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Thread: Re wiring to to 12-2 /14-2

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    Default Re wiring to to 12-2 /14-2

    Tomorrow i will start getting estimates for a re wire of this house that was built in the late 50's.Just wanted to get some prior knowledge and heads up from here prior to those estimates.. The wire for everything electrical in this house right now is copper that has a black and neutral wire wrapped in a almost fiberglass looking woven cloth insulation material. I guess back when this house was built a ground was not used?? The big thing is after the re wire have a ground,for some good safety and insurance reasons.

    Can new wire be routed into all the existing metal receptacle and switch boxes? or do new boxes need to be cut into all the walls?

    What happens to the old wire within the framed? does it just get cut and left as it seems to be stapled ,or somehow pulled out?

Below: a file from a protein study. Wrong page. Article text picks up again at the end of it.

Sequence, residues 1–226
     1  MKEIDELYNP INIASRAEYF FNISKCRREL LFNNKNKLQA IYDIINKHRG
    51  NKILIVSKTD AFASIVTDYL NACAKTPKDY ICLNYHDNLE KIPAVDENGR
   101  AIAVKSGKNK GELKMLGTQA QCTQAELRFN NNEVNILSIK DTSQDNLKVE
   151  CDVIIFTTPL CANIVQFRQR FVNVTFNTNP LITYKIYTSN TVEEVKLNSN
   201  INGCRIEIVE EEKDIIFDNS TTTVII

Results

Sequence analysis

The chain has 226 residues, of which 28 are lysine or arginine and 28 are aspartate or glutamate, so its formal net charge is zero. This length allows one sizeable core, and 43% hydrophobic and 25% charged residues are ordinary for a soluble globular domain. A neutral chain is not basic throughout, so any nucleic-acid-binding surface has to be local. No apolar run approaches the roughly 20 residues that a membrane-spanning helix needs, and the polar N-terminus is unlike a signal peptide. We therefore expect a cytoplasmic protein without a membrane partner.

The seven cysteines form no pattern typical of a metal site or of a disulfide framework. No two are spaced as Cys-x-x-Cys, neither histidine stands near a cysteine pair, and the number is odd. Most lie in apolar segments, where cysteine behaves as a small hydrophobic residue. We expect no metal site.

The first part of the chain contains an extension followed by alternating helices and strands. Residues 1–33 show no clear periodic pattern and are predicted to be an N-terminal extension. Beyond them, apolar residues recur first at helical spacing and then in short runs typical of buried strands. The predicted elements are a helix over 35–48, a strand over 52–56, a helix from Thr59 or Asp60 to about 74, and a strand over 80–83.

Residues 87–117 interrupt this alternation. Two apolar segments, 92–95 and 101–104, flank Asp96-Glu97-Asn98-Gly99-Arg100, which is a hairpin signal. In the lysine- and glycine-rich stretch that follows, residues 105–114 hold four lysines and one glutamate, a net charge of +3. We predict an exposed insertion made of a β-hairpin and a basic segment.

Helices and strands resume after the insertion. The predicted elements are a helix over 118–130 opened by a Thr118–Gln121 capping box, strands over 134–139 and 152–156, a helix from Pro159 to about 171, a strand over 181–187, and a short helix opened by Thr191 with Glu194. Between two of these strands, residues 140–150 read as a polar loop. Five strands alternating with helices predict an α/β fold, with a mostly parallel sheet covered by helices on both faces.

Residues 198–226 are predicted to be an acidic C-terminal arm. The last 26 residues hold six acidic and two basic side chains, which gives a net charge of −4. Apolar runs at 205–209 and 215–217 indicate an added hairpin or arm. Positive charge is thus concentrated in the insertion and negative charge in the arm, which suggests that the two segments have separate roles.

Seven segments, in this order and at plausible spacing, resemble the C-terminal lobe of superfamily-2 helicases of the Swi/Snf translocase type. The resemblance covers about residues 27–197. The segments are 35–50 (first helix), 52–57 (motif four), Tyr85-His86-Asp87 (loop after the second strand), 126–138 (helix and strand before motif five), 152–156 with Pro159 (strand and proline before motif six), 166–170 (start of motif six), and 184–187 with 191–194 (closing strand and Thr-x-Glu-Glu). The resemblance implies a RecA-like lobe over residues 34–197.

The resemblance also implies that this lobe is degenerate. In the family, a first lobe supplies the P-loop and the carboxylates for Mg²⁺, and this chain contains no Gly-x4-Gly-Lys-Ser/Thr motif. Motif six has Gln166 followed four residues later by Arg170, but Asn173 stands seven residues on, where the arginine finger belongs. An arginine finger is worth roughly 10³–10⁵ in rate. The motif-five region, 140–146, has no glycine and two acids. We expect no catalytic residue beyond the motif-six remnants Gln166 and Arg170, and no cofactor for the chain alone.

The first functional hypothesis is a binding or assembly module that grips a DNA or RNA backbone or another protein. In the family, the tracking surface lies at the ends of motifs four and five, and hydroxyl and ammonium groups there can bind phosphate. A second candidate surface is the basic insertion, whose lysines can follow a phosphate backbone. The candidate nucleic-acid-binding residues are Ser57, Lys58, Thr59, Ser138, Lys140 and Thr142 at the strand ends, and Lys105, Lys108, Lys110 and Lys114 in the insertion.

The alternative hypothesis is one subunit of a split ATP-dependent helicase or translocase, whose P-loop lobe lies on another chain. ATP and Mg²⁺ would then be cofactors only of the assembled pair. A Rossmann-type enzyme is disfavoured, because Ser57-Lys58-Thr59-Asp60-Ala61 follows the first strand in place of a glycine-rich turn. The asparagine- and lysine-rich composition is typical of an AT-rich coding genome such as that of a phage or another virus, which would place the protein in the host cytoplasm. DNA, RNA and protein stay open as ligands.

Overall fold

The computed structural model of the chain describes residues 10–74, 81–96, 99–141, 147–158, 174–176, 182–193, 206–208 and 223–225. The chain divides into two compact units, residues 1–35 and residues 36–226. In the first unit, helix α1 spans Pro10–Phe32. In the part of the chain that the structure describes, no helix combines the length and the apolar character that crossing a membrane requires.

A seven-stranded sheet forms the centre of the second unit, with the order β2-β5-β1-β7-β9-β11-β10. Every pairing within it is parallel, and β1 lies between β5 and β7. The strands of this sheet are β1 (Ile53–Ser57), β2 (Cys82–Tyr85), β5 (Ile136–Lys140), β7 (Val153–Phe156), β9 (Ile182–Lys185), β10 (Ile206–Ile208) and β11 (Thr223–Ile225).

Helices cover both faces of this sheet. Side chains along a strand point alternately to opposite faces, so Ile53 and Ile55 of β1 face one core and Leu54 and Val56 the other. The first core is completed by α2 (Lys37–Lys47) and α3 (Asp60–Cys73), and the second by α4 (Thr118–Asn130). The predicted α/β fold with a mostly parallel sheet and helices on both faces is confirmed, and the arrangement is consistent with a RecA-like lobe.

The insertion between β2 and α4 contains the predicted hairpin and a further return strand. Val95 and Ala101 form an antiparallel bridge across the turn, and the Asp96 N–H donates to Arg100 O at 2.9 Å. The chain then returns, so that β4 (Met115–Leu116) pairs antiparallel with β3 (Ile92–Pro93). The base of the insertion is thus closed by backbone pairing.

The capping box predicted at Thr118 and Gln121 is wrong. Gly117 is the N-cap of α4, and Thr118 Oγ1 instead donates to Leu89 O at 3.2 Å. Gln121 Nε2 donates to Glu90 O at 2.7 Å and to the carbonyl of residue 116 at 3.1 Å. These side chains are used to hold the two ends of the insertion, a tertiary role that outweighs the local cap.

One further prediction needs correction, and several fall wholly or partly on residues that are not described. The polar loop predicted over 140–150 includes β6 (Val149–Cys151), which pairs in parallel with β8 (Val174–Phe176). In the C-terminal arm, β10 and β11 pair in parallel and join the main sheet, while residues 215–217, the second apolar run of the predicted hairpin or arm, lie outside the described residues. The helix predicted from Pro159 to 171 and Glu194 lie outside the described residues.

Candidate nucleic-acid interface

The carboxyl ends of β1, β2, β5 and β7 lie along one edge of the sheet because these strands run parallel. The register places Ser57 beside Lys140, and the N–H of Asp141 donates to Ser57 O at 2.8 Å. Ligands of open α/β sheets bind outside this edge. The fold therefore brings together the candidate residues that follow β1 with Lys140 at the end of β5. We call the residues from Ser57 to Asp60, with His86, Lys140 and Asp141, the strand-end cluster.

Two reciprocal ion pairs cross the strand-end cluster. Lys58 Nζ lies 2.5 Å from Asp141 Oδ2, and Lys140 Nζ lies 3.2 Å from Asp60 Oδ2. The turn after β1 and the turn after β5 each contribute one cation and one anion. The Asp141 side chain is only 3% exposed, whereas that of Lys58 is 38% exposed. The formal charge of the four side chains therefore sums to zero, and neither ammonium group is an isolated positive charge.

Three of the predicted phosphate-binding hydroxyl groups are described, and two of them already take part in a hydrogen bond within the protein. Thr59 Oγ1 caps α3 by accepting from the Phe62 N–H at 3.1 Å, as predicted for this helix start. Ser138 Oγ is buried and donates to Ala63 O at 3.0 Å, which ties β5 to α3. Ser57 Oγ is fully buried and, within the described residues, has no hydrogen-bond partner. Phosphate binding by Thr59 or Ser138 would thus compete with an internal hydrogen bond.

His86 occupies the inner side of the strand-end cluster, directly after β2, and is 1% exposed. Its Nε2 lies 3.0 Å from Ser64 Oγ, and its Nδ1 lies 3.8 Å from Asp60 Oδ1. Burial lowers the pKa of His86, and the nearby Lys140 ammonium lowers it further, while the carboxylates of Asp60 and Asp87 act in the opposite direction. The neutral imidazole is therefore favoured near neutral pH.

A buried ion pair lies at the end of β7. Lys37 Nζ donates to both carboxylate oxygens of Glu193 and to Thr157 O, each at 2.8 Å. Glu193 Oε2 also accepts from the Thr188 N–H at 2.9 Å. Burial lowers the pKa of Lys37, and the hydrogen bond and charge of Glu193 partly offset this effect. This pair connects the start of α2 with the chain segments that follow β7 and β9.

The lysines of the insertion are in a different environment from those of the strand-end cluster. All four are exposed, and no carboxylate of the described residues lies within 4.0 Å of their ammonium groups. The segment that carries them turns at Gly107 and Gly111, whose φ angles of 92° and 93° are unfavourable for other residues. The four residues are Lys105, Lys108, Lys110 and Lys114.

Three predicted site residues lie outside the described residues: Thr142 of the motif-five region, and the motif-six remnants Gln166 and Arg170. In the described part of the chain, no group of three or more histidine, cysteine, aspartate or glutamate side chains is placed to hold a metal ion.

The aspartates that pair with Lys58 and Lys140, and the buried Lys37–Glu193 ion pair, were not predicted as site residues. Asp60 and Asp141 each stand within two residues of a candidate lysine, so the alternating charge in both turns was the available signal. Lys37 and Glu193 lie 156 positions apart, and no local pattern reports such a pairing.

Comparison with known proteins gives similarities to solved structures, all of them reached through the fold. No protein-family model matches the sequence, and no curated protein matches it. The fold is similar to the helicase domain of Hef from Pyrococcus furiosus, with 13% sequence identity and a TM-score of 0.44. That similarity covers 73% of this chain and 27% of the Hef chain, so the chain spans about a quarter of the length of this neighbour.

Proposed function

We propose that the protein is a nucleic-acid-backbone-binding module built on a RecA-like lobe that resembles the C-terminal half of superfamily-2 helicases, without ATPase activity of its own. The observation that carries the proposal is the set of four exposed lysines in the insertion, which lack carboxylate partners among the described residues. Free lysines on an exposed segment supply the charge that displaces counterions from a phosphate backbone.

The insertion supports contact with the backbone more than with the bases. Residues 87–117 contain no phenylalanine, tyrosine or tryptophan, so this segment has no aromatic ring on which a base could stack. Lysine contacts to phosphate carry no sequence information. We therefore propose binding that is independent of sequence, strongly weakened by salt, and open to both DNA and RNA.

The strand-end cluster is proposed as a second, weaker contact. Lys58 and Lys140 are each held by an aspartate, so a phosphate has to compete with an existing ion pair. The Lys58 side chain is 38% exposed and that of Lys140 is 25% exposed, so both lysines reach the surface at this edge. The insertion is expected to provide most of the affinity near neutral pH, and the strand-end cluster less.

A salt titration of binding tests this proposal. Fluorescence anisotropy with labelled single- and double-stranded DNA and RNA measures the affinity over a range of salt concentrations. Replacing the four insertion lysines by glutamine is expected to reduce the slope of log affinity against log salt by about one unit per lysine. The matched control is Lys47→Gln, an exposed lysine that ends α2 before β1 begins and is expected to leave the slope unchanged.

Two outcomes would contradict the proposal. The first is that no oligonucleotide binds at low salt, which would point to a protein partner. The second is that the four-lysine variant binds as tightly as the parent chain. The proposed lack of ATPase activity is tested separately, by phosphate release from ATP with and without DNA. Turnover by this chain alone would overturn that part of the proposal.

In a possible short interim to re wireing to get a ground at a receptacle: can the black and neutral wires be hooked up as usual,then hook up a short piece of bare copper wire from the green screw on the receptacale then attaching the other end of that bare wire to the metal box?

    sorry to be so long winded..
    Thanks all!!

  2. #2
    In the Trades Bob NH's Avatar
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    Quote Originally Posted by solutions View Post
    What happens to the old wire within the framed? does it just get cut and left as it seems to be stapled ,or somehow pulled out?

    In a possible short interim to re wireing to get a ground at a receptacle: can the black and neutral wires be hooked up as usual,then hook up a short piece of bare copper wire from the green screw on the receptacale then attaching the other end of that bare wire to the metal box? Thanks all!!
    You can put new wires in the old boxes and just cut off both ends of the old wire and leave it.